Austerity threatens ‘social crises’

The combined impact of benefits reform and public sector cuts is putting huge strains on a welfare system already 'buckling' in the face of growing demand and underfunding, according to a think-tank report. The long-term result is that social crises are likely to build up – leading to unsustainable human, social and economic costs.

The report is the outcome of an 18-month project with people in some of the most deprived communities in Birmingham and Haringey (London), designed to explore their experiences of the government’s austerity measures and its ambitions for building a ‘Big Society’.

The authors say the social security system is being eroded at a time when it is most clearly needed. Social services have been reduced, but the demand for them is intensifying. Responsibility for welfare is moving away from the state to individuals, small groups and charities – leading to widening social inequalities. Over the next three to four years the report highlights the following key trends:

Key medium-term trends

  • Incomes will fall for all those receiving benefits, while the cost of living continues to rise.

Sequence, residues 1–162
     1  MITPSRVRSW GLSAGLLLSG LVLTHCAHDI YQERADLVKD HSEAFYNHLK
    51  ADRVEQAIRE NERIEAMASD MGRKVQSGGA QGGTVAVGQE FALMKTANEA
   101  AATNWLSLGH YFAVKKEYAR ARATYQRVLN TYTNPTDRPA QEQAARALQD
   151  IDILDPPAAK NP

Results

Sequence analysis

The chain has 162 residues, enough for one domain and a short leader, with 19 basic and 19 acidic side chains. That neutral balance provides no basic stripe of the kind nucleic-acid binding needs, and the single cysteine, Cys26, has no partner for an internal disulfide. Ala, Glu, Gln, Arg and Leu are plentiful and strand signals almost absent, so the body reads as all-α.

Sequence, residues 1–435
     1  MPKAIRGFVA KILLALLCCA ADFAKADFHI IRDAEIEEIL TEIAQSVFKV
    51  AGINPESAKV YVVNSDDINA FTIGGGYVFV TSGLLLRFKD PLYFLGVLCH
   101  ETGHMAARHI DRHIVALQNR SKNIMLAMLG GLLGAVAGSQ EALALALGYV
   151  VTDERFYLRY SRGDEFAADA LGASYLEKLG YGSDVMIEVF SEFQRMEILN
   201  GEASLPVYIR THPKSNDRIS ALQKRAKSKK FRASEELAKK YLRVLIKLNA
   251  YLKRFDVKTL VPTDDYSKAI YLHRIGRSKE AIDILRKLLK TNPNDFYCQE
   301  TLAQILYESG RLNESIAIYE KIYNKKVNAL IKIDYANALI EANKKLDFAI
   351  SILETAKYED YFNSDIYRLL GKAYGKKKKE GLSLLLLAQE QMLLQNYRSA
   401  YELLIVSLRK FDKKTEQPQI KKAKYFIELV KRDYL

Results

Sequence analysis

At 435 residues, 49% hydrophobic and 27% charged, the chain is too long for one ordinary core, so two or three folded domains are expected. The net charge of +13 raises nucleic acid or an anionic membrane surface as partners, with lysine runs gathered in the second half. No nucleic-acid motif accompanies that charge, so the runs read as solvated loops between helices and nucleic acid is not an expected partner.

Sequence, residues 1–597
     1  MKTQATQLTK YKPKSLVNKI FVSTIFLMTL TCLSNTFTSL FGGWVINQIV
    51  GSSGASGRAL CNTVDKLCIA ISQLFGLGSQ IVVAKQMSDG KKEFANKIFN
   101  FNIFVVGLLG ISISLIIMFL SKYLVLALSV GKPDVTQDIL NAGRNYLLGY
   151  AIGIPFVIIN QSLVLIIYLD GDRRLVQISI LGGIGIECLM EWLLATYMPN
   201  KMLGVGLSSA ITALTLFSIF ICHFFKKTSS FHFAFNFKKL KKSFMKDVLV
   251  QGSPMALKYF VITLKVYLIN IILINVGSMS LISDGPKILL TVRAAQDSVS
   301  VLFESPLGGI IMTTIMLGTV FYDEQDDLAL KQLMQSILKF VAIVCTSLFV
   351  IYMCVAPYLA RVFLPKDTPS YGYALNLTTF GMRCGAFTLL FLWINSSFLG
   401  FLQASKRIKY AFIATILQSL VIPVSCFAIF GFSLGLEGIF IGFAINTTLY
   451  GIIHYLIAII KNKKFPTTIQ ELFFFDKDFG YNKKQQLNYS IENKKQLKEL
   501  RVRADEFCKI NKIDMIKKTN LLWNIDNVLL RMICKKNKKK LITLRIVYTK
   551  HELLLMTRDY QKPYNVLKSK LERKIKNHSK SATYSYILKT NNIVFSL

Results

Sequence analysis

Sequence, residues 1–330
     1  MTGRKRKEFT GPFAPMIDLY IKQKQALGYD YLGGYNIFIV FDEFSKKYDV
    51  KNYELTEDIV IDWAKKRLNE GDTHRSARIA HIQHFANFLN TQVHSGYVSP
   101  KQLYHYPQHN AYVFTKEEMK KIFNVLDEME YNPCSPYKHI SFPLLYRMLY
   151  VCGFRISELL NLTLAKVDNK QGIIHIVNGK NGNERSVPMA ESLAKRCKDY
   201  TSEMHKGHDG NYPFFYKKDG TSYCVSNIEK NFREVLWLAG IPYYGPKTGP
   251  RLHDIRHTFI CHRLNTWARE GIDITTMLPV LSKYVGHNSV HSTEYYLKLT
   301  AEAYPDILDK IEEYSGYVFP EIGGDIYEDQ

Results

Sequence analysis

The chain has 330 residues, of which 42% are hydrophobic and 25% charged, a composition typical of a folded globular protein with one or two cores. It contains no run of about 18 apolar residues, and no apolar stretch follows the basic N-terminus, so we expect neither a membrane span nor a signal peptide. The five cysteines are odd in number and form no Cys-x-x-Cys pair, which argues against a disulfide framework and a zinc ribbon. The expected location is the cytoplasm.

• Homelessness will grow as reductions in housing benefit affect more people.
  • Personal debt will proliferate, alongside a mushrooming of payday loan companies.
  • Access to advice and support services, including legal aid and debt advice, will be severely reduced.
  • There will be more social polarisation and widening inequalities between poorer and more affluent areas, as changes to housing benefit push people out of higher-rent areas.
  • Many groups, including elderly and disabled people, will suffer from social isolation and insufficient support as services are cut. This will lead to declining physical and mental health, and rising demand for NHS services.
  • A growing burden of care will fall on women as access to childcare and social care is reduced.
  • Many community and voluntary sector organisations will close down.

A final set of findings from the project will be published in June 2013.

Source: Joe Penny and Julia Slay, Everyday Insecurity: Life at the End of the Welfare State, New Economics Foundation
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